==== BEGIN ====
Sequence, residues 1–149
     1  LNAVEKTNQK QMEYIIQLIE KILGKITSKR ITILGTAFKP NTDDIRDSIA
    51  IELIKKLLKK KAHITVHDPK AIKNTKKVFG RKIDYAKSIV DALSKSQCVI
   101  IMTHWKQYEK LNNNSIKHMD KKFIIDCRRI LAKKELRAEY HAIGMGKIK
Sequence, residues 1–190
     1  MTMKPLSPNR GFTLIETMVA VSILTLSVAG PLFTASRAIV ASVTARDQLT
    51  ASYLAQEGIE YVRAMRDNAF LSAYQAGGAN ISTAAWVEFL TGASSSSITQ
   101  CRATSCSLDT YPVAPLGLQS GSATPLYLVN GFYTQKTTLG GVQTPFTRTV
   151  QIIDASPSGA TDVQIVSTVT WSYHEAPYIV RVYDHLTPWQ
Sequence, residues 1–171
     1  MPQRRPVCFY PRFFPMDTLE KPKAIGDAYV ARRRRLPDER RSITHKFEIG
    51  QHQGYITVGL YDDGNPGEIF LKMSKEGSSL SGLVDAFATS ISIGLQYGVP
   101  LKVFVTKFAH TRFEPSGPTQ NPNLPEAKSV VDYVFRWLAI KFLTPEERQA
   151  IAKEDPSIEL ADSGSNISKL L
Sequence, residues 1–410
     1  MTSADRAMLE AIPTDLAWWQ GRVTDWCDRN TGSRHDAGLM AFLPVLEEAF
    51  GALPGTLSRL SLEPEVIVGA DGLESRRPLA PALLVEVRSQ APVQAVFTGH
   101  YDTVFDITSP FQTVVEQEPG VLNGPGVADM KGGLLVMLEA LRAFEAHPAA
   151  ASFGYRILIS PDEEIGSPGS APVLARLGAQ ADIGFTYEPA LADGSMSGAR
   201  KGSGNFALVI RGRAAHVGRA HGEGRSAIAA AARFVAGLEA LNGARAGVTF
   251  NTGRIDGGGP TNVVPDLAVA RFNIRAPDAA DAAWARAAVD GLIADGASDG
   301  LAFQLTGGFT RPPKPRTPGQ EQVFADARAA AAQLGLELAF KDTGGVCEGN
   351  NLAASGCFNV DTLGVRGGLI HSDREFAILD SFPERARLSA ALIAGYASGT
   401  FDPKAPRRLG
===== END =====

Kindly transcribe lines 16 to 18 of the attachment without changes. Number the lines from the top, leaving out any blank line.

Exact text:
     1  MTSADRAMLE AIPTDLAWWQ GRVTDWCDRN TGSRHDAGLM AFLPVLEEAF
    51  GALPGTLSRL SLEPEVIVGA DGLESRRPLA PALLVEVRSQ APVQAVFTGH
   101  YDTVFDITSP FQTVVEQEPG VLNGPGVADM KGGLLVMLEA LRAFEAHPAA